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Security How To

Install Squid

Squid provides a tunable HTTP cache with traffic throttling. As with all cache servers, it trades disk I/O for network I/O. Your performance gain is largely dependent your bandwidth, the number of users, traffic volume, and the diversity of that traffic.

Significantly, there is a pretty cool chain here, and Squid is the heart of the whole thing. HAVP, the anti-virus proxy, runs as the parent of Squid, which in turn uses SquidGuard to filter content. All web requests travel through Squid’s cache that contains (at least) twice-filtered content. This saves both bandwidth and scanning cycles for any subsequent reference to that content.

All packages are installed through the Packages menu on the System pull-down. Once installed, you need to configure Squid from Services->Proxy Server. We need to configure General settings and cache settings.

Most of the General settings are self-explanatory and PFSense has a tutorial to assist. The easy answer is that five fields have to be set as shown in Table 1.

Setting Explanation Value
Proxy Interface Interface Squid is bound to LAN
Allow Users  on Interface Do not require separate subnet enumeration. Checked
Transparent Proxy Operate without separate network client configuration, everything through the proxy. Checked
Log Store Directory Where the logs live. /var/squid/log
Proxy Port Where other processes can find the proxy server, the default 3128
Table 1: Squid general settings

Figure 3 shows the settings for Cerberus.

Squid proxy settings

Figure 3: Squid proxy settings

And Figure 4 has a few more.

More Squid proxy settings

Figure 4: More Squid proxy settings

General Settings are now done. So save’ em and move on to the Cache Management Tab.

We need to do some math before we determine cache size values. The temptation, since we have gobs of our 250 GB disk available, is to use a large chunk for web caching. The thing is that Squid uses an in-memory index to address the cache. So it is best to balance memory against disk cache size.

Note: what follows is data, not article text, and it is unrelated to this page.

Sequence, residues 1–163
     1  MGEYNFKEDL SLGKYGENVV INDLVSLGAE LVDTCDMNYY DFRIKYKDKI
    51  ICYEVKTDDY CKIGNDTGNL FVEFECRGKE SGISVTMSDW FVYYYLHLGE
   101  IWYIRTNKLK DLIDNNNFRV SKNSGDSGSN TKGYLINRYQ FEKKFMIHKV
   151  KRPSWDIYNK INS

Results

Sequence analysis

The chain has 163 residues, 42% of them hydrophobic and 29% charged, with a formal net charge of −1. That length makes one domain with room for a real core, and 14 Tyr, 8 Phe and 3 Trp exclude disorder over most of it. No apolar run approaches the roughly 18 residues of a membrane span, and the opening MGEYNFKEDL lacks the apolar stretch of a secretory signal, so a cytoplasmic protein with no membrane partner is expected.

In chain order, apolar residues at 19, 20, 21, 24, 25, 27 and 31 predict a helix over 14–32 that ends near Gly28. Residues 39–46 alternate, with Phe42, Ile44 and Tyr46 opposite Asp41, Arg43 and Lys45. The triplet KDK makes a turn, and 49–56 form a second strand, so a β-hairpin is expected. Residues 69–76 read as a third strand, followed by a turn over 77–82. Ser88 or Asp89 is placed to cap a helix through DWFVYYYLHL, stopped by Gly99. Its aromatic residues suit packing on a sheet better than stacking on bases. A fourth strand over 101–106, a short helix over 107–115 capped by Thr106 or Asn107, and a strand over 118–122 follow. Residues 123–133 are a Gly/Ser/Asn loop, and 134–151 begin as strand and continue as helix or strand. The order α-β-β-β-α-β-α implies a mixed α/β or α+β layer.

The Squid User Guide recommends 5 MB of memory for every Gigabyte of disk cache (you don’t want to be thrashing, incurring a high swap rate). So determine how many megabytes of memory you have to spare for caching, divide that by 5, and you have the number of Gigabytes you should allocate to your cache.

With Cerberus under load and largely due to Snort, I run at 80% memory usage (according to System->Status), giving me about 600 MB free. I want some headroom for processing peaks, about half, so I have 300 MB available for my in-memory cache. Dividing that by the 5 to 1 guideline, I end up with a disk cache size of 60 GB.

Having calculated our sizes, we are ready to fill in the Cache Management configuration tab values, as summarized in Table 2.

Setting Explanation Value
Hard disk cache size Disk size limit in megabytes 61400
Hard disk cache location Where the cache is stored /var/squid/log
Memory cache size Megabytes of memory cache 300
Minimum Object Size Smallest object to cache, in kilobytes. 0 (no limit)
Maximum Object Size Largest object to cache, in kilobytes 256
Table 2: Squid Cache Management configuration tab values

I have also tweaked the optional tuning values: used threaded access to the UFS file system and since I have cycles to spare and a large cache, I’ve doubled the number of level 1 directories. I’ve also changed the memory replacement policy to Heap-LFUDA (Least Frequently Used with Dynamic Aging).

Figure 5 shows the settings for Cerberus.

Squid Cache Management settings

Figure 5: Squid Cache Management settings

To verify your Squid install, check the System Log (Status->System Log). If you need to track down any issues, there is a more detailed log you can use. Execute a BSD command (Diagnostics->Command) to access it; it is located here: /var/squid/log/cache and should look like Figure 6.

Squid cache.log

Figure 6: Squid cache.log

Additionally, to review web accesses, you can take a look at the access.log file in the same directory. Or install the partially-integrated Squid reporting tool, LightSquid, which gives you a view of cache hits, including Top Sites and hit percentages.

With Squid installed, we are done with the prerequisites. Let’s start the main event, the functional upgrades needed to become a UTM.

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